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The Saskatchewan Games Council is responsible for the Saskatchewan Games program, supports Team Sask's participation at national multi-sport games and provides financial and organizational support to provincial games.
The Council is responsible for the co-ordination of Team Sask's participation in the Canada Games and Western Canada Summer Games. Team Sask athletes and support staff are chosen from within their provincial sport organization and are led by coaches, managers and mission staff. Notable Team Sask alumni include Olympic medallists Catriona Le May Doan, Mark McMorris and Patrick Marleau.
|Western Canada Summer Games
The western provinces and territory governments have supported the Western Canada Summer Games since 1975, when they were first held in Regina, Saskatchewan. Today, the Western Canada Summer Games are held every four years and provide competitive platform for the Canada Games. Athletes range from 13 to 23 years old and includes Para Sport and Special Olympic events.
Held every two years, alternating between winter and summer, the Canada Games represent the highest level of national competition for up and coming Canadian athletes. The Games have been hosted in every province at least once since their inception in Quebec City during Canada's Centennial in 1967. The Games are proud of their contribution to Canada's sport development system in addition to their lasting legacy of sport facilities, community pride and national unity. The next Canada Summer Games will take place in the Niagara region of Ontario in 2021, followed by the 2023 Canada Winter Games in Prince Edward Island.
|North American Indigenous Games
The North American Indigenous Games is a multi-sport event focused around competition and cultural activities among Indigenous North American athletes. The Games are governed by the North American Indigenous Games Council, a 26-member council of representatives from 13 provinces and territories in Canada and 13 regions in the United States. There have been nine editions of the Games since their launch in 1990, and Team Saskatchewan has been the overall winner six times. Participant numbers have ranged from 3,000 to 10,000 per Games with hundreds of tribes represented.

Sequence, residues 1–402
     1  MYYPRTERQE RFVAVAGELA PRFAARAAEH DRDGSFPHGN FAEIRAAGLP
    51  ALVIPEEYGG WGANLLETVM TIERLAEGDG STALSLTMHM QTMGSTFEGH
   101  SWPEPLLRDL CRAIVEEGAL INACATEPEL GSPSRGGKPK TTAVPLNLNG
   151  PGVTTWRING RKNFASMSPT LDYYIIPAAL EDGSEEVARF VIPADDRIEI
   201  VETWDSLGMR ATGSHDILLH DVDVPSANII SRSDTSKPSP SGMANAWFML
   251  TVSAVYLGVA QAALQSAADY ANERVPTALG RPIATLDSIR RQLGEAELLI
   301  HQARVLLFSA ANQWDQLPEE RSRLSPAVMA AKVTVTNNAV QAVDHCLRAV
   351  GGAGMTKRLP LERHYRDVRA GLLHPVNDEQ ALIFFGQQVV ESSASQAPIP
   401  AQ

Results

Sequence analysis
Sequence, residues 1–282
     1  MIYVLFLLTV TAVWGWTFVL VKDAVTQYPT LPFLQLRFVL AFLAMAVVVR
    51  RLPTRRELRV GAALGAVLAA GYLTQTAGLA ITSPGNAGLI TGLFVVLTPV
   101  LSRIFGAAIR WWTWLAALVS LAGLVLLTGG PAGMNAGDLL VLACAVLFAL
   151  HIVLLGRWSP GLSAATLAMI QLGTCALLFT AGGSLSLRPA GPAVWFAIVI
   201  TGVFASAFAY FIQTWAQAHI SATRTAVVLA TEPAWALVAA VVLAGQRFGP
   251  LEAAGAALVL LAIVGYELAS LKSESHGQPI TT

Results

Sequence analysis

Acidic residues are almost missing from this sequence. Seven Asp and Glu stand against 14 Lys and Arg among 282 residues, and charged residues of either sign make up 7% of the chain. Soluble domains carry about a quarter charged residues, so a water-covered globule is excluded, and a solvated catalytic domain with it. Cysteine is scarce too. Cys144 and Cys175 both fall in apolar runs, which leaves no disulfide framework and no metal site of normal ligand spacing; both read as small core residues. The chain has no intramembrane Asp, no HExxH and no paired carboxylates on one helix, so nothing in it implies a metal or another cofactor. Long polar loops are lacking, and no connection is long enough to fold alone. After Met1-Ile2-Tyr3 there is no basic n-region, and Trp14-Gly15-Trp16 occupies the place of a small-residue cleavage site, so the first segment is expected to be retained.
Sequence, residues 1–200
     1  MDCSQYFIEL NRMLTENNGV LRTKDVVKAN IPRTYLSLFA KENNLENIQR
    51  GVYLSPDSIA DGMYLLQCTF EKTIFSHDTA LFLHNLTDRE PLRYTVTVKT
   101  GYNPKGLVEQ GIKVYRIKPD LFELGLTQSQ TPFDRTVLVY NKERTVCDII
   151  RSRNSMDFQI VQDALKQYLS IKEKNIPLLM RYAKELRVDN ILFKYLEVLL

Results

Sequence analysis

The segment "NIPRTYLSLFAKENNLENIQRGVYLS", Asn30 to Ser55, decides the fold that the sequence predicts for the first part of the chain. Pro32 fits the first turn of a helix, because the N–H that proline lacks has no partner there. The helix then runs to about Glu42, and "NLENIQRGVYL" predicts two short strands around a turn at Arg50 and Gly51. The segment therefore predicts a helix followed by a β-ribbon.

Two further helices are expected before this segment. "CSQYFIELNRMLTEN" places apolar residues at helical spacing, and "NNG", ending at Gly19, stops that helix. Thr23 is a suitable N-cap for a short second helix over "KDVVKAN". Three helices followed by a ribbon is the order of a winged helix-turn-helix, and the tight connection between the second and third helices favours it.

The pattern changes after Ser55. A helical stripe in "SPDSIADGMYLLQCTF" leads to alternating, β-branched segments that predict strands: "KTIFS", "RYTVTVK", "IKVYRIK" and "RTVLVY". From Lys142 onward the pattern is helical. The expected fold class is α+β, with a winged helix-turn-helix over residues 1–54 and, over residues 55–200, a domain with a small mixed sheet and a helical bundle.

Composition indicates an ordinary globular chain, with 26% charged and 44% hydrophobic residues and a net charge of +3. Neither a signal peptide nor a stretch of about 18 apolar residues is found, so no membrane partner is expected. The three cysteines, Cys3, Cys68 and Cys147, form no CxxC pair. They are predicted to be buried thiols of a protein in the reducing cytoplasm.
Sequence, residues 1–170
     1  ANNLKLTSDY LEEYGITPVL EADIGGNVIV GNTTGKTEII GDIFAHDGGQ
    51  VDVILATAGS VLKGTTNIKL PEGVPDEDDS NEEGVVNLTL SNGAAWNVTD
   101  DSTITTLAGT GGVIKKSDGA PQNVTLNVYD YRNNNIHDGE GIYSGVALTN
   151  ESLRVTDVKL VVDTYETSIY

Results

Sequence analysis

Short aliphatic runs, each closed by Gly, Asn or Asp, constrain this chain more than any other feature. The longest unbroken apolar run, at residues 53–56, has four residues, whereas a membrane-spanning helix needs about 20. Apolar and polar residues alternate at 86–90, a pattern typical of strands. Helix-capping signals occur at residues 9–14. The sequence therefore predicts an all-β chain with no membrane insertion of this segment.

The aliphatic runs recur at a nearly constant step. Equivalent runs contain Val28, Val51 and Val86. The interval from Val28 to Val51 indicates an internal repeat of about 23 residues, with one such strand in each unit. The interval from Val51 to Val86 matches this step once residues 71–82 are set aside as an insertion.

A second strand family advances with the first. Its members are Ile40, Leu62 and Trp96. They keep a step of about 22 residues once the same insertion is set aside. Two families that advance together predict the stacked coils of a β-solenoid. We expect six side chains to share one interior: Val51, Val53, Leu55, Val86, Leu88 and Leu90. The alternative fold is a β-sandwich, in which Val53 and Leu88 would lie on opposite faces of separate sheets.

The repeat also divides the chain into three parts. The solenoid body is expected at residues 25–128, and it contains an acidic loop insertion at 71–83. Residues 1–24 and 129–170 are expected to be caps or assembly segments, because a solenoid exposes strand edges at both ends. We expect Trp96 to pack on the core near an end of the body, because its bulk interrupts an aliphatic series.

|Special Olympics provide inclusive opportunities and accessibility of sport to individuals with an intellectual disability. National Games are hosted by Special Olympics Canada every two years, alternating between summer and winter. Athletes from across Canada compete in various sports over the course of a week with the goal of achieving personal bests and in some cases, the opportunity to be named to Team Canada for the proceeding World Games.|
Youth athletes from all nine sport districts compete in the biennial Saskatchewan Games, which alternate between summer and winter on the corresponding Olympic year. In addition to featuring mainstream summer and winter sports, the Games provide inclusive opportunities for parasport and Special Olympic athletes. The Saskatchewan Games act as a stepping stone for our province's athletes, coaches, and officials to prepare for higher levels of competition, such as the Western Canada Summer Games, North American Indigenous Games, and Canada Games.
|Tony Cote Games
The Tony Cote Winter/Summer Games, formerly known as the Saskatchewan First Nation Winter/Summer Games, was initiated in 1974 by Chief Tony Cote and the Council of the Cote First Nation and their membership. The inception of the Summer Games was to coincide with the celebration of the 100th Anniversary of the signing of Treaty 4. The Games take place annually, alternating between summer and winter, and see nearly 6,000 participants each year.
|The main objective of these games is to promote active living, wellness and participation for adults 55 years and older and can be used as a qualifier for national games. These games are held every two years.|
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